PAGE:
I wrote several of these songs during the first lockdown. I was lucky enough to spend it in my childhood town in France, right on the Atlantic Ocean. Its name is as weird as its atmosphere is peaceful: Mimizan. And there, despite the situation, I felt almost renewed, hopeful. Little by little, this is what came out of the songs. I recorded them quickly afterwards in Paris, in the basement of Chopin’s house (true!)- it could only go well! After the Rain was the best title I could give to this album to symbolize the hope of a new life, not only for me, but for most of us.

How does this album compare to the rest of your discography?

It’s always hard to compare one’ s kid. 🙂 I think this album is the brightest of the three. Definitely the most optimistic.

What track or two off the record are you most proud of or might you be most excited for fans to hear?

There is one that is particularly close to my heart because, precisely, it is not about me or about my own emotions. This song is “Alicia Stone”. A few months ago, I came across a YouTube channel called Invisible People. It shows homeless people being interviewed in a very respectful way. They tell about their life, their story, their difficulties, their dreams, very sincerely. Among these videos, there is this interview of a homeless woman in Los Angeles, her name is Alicia (I decided to pronounce “Alicia” the European way in the song) She lives alone on the street, on the very same street where she used to live years before, where she had an apartment- a home. That really touched me, and that was the inspiration for the song. I hope that Alicia’s situation has improved since. I’m trying to get in touch with her.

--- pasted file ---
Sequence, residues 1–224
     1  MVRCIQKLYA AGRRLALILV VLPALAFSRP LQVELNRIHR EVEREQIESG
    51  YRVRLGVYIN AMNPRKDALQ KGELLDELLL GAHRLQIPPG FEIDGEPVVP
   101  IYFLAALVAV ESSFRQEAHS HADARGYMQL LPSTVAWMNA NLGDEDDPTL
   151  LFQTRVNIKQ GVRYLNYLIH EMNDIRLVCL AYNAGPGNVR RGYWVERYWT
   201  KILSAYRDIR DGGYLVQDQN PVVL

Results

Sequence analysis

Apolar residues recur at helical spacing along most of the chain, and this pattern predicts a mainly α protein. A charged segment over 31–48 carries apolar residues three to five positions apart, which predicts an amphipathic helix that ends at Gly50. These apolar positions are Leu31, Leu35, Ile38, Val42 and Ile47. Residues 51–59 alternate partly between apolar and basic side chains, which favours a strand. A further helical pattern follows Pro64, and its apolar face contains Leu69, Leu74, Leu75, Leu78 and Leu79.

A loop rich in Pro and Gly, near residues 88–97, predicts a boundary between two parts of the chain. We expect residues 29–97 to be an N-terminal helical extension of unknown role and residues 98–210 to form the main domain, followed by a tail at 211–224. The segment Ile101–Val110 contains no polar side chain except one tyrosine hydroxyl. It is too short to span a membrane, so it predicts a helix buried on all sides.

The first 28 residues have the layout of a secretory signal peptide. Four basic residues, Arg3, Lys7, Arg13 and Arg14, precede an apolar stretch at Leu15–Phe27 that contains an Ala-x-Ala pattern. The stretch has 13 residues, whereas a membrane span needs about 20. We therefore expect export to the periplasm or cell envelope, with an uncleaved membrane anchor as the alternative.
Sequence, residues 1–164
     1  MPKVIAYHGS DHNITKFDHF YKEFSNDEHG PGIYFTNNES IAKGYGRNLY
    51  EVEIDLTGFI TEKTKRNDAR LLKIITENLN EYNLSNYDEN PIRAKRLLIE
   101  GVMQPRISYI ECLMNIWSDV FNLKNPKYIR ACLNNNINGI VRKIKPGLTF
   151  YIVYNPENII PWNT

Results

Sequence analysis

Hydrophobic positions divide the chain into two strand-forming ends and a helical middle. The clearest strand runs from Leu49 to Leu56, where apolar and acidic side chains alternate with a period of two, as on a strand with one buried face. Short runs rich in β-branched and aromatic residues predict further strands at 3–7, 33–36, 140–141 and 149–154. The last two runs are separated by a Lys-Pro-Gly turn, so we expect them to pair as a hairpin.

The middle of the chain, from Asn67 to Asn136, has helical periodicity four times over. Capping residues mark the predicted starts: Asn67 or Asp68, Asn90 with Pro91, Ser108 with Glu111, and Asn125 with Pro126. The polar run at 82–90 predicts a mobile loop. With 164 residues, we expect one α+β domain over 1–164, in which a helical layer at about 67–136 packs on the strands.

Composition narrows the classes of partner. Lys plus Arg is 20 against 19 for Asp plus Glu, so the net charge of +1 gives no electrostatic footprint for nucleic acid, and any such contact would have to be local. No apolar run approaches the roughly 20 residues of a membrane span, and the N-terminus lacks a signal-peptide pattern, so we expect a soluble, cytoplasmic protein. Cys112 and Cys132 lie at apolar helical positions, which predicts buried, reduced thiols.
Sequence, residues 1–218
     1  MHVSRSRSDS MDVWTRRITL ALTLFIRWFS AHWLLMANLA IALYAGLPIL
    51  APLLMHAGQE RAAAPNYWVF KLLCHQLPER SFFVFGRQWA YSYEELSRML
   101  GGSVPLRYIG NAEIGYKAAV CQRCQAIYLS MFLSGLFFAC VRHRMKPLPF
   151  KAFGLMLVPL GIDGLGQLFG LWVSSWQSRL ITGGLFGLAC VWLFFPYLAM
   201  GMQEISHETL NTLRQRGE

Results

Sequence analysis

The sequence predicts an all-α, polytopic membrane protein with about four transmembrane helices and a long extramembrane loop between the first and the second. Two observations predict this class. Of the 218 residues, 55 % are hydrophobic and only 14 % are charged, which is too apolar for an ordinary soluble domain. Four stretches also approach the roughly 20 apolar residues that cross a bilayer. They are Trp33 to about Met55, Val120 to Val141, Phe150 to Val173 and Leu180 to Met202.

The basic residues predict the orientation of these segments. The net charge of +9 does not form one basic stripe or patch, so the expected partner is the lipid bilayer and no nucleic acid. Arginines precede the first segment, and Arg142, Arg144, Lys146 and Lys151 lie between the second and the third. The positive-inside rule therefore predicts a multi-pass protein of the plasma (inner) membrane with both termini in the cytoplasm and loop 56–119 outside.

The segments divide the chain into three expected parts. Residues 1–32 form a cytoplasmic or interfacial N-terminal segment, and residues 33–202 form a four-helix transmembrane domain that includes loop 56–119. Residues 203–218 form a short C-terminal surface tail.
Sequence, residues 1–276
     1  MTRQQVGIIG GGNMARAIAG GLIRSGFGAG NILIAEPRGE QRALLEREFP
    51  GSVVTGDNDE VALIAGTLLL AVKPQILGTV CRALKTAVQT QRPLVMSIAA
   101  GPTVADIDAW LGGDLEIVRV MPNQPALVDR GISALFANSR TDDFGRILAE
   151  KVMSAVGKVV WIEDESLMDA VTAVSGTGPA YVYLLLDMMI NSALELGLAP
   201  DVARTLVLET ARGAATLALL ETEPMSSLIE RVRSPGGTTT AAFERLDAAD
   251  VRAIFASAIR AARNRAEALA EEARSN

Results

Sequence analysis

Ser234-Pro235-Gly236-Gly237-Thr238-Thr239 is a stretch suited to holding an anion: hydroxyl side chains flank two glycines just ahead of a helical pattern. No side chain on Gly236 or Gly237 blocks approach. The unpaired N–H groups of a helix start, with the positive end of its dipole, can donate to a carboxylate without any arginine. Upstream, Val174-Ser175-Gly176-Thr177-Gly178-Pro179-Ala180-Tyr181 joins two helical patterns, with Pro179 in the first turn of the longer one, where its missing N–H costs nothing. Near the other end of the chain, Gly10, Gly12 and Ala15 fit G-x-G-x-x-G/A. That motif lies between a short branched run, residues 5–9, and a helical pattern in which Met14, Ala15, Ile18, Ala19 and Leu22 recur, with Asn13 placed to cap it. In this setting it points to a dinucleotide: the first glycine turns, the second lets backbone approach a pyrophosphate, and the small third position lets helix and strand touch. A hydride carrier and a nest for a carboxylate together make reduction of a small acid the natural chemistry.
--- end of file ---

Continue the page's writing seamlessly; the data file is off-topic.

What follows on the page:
What track was the most challenging to create?

I remember having some difficulties on “Oh Boy”. Which may explain the title. 🙂 The acoustic guitar part was quite demanding for me. And then we went to record the piano part far away from Paris at my friend’s place, on his own piano, in his own living room, and in the middle of the night. Well, we drank quite a lot that night, and it didn’t help, (hahaha) but we managed to do it and I’m very happy with this track. It sounds smooth and uplifting at the same time.

Are you planning to perform these songs live any time soon?

Yes, I can’t wait to go on stage again and to play everywhere possible, or better, where it is (almost) impossible or unusual. I’ve always loved going on adventures. With Indolore, I can afford it because I’m on my own. It’s a great feeling of freedom.

Any goals for the rest of the year?

I have this quite crazy project of touring the USA, but not necessarily in the most famous states. I want to hit the road from Cincinnati to Kansas City, with a stop in Nashville of course. 🙂 I want to meet locals, other musicians, and take the time to get to know the heart of this country. As soon as the health situation allows it, I will come!